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The Real Deal 

by Ann M. Colford


The Palouse is known for many things - rolling wheat fields, peas and lentils, deep fertile soil - but trees are generally not considered one of the area's specialties. That's what makes the University of Idaho Arboretum and Botanical Garden such a treasure. Presiding over the 63-acre site and its nearby historical cousin, the Shattuck Arboretum, is director Richard Naskali, a long-time professor and advocate for the plant life on the Moscow campus. Naskali will retire in June, but not before sharing his love for the arboreta in a series of tours and events this spring.


Back in 1909, professor Charles Shattuck came to the UI campus to develop a curriculum in forestry. To provide a living laboratory for his students - and beautify the campus at the same time - he planted trees on a weed-choked steep hillside. Over the years, the trees grew into a shady grove of American beech, California incense-cedar, English maple, and Canadian hemlock, and became known as Arboretum Hill. Following Shattuck's death, university officials in 1933 renamed the 14-acre site the Charles Houston Shattuck Arboretum.


"The Shattuck Arboretum is truly holy ground," Naskali says. "It contains some of our greatest specimens, and it's one of the oldest tree plantings west of the Mississippi." He puts Shattuck's accomplishment in perspective this way: "We sit on the eastern edge of the Palouse prairie. When the campus was founded, it was totally treeless."


Among the grand trees on the slope is a lone giant sequoia, measuring three feet nine inches in diameter at 40 inches above ground level. Two smaller companion trees died in the harsh winter of 1968-69, leaving this one to stand alone. Efforts to develop new saplings from seed have been unsuccessful thus far.


Following in Shattuck's footsteps, Richard Naskali arrived in Moscow in 1967 from Ohio and began teaching botany. Eight years later, he was invited to join a committee to select a site for a new and expanded arboretum. The committee chose a 63-acre parcel set in a north-south valley across the street from the president's home. Naskali helped develop the master plan for the arboretum and selected the initial plantings in 1982. Five years later, he was appointed director of the arboretum. Since then, he has raised more than half a million dollars from private sources to fund the growth and maintenance of the arboretum. Now he's aiming for accreditation from the American Association of Museums (AAM), even though fewer than 30 arboreta or botanical gardens in North America have achieved the designation.


"Every tree, grove and shrub here is paid for with private money," he says proudly. "The plants are all labeled, mapped, and placed in geographically correct places. We believe there's no better-labeled collection of documented plants in the West."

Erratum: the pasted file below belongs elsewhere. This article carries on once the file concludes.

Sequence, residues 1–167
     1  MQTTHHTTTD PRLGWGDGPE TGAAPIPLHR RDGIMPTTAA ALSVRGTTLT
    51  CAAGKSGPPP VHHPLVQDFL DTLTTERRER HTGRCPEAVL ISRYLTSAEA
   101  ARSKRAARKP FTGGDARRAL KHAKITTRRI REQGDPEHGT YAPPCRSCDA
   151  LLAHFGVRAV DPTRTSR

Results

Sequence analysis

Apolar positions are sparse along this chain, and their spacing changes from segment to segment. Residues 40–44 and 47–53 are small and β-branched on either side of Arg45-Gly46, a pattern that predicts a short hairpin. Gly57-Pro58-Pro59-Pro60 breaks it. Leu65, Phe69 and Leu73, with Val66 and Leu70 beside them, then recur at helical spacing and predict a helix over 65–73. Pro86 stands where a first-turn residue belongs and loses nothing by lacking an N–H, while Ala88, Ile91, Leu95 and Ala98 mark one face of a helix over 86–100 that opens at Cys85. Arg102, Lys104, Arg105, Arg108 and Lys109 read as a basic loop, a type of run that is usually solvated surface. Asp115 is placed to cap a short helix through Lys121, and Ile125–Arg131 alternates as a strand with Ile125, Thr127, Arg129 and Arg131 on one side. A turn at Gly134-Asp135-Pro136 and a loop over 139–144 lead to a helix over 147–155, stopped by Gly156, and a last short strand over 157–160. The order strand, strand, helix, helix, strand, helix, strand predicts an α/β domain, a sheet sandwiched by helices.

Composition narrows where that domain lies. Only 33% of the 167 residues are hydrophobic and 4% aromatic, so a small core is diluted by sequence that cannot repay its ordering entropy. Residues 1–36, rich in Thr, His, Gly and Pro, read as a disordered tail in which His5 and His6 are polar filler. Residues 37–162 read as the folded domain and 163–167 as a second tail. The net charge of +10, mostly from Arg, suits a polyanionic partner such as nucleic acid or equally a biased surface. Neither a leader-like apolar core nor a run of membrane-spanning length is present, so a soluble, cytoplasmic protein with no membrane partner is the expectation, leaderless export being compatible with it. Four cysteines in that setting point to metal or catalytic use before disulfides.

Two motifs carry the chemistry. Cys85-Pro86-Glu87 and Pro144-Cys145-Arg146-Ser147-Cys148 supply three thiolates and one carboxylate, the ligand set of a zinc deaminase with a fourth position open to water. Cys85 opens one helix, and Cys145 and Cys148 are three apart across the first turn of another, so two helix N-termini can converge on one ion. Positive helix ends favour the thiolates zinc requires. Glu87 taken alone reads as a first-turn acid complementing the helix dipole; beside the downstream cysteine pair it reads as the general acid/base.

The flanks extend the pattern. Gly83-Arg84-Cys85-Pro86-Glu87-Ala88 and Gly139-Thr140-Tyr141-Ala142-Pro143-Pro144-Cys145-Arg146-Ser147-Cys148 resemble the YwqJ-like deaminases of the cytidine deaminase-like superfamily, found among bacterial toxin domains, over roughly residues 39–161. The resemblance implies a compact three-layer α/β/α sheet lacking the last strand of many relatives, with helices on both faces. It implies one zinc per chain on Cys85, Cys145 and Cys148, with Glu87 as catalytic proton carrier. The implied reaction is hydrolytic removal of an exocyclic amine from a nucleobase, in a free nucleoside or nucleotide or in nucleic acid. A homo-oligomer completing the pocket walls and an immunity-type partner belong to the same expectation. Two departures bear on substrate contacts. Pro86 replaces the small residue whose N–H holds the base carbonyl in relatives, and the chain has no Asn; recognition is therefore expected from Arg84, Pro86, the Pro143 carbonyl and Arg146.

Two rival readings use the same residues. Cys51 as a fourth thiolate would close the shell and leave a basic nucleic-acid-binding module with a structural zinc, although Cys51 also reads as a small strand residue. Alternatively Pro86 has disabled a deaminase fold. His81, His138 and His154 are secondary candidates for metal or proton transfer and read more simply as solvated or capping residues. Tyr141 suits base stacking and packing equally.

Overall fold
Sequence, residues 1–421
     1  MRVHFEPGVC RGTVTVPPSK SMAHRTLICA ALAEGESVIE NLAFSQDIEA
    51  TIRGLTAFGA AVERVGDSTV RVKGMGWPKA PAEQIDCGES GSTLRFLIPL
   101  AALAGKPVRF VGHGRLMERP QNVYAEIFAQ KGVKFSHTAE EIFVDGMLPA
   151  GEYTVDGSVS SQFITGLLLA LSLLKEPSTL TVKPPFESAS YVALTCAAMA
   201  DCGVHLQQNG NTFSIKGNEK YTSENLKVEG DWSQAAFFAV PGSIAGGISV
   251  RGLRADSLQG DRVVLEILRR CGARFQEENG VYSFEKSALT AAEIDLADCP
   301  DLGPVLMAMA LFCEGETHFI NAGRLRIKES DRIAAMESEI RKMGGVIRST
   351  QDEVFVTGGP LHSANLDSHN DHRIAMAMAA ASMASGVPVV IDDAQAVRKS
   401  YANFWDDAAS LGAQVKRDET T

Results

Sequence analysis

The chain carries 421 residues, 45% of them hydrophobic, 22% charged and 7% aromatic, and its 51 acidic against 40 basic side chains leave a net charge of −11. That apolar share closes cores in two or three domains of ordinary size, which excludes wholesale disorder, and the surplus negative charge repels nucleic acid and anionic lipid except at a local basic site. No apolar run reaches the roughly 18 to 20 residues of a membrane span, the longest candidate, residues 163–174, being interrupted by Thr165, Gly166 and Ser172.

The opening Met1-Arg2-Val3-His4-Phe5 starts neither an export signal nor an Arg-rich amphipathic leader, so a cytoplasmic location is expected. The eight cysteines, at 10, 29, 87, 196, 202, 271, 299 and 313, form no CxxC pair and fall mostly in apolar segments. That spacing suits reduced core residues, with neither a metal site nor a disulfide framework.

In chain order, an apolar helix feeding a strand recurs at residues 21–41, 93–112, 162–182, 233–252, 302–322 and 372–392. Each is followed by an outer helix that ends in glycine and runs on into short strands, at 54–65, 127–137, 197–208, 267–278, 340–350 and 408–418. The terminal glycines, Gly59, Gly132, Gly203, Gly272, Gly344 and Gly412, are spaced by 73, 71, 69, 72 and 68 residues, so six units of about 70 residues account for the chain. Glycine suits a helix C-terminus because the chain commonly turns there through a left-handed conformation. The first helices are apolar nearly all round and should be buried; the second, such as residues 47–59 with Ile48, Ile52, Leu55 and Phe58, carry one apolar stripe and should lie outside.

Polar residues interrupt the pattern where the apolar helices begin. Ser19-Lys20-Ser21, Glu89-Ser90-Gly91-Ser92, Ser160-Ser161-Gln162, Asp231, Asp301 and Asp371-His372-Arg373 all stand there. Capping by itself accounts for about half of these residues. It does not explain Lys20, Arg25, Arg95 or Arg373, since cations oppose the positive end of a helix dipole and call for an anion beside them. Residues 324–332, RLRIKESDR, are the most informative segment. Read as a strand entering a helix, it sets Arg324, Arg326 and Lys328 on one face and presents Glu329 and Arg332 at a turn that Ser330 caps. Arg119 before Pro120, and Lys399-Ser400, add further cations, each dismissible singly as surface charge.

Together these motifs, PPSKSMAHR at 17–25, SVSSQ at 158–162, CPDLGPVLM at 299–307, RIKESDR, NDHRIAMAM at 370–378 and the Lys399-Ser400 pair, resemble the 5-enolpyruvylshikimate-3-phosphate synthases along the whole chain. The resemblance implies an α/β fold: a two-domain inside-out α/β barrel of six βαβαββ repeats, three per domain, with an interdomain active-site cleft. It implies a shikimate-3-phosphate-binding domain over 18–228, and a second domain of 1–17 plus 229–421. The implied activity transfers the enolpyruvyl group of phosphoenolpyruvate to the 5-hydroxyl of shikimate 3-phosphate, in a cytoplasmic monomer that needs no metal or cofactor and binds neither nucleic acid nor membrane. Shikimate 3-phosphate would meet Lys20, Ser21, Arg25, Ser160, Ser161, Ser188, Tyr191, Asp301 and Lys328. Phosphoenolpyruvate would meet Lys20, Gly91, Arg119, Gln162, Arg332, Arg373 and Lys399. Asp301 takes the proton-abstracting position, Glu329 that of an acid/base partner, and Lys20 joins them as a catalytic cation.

Spring is perhaps the best time to visit the arboretum, although its beauty and variety are striking throughout the year. Visitors in April and May will see blooming trees and shrubs in their full glory, Naskali says.


"Right now, the forsythias and dogwoods are in bloom. Later, come the ornamental cherries, flowering crabapples, and a better collection of lilacs than in all of Spokane. Some come from China, and we have a lot of hybrids. And we have blocks of European roses. There will be something in flower from now till June."


The Arboretum Associates, a group dedicated to supporting and enhancing the UI arboreta, plans several events over the next month to take advantage of the springtime bounty. Tonight at 7:30, the group holds its annual meeting with guest speaker Jim Knopf, a landscape architect from Boulder, Colorado, known for his expertise in xeriscaping and water-wise gardening.


"Jim Knopf is one of the early people in xeriscaping," Naskali says. "He was part of the original movement through the Denver Water Department."


Two years ago, Naskali and others created a xeriscape demonstration garden covering a little less than an acre at the southern end of the arboretum. "Kentucky bluegrass and other types of lawns need a great deal of water," he says. "We try to show alternatives, so we've just sown a patch of gorgeous fescue. Very attractive landscapes can be made that can save water."


Saving water is important for both economic and ecological reasons, Naskali asserts.


"We'll be giving away a four-page handout showing how to calculate the cost of water use," he says. "All water in the Moscow-Pullman area is pumped from deep aquifers, and they're dropping about a foot a year. You see this happening all over. The next wars will be fought over water."





The arboretum also makes an attractive rest area for migrating birds and waterfowl at this time of year, and Naskali will lead a series of bird-watching walks on Sunday, April 27, along with amateur ornithologist Terry Gray. Walking tours depart from the north entry of the UI Arboretum and Botanical Garden opposite the UI President's Residence, 1260 Nez Perce Drive, Moscow, Idaho, at 8 am, 9 am, 10 am and 11 am. The walks will go on rain or shine, and organizers encourage walkers to bring along binoculars and rain gear. For more information about the arboretum and related events, visit the new Web site (www.uidaho.edu/arboretum) or call the arboretum office at 208-885-6250.





Publication date: 04/17/03

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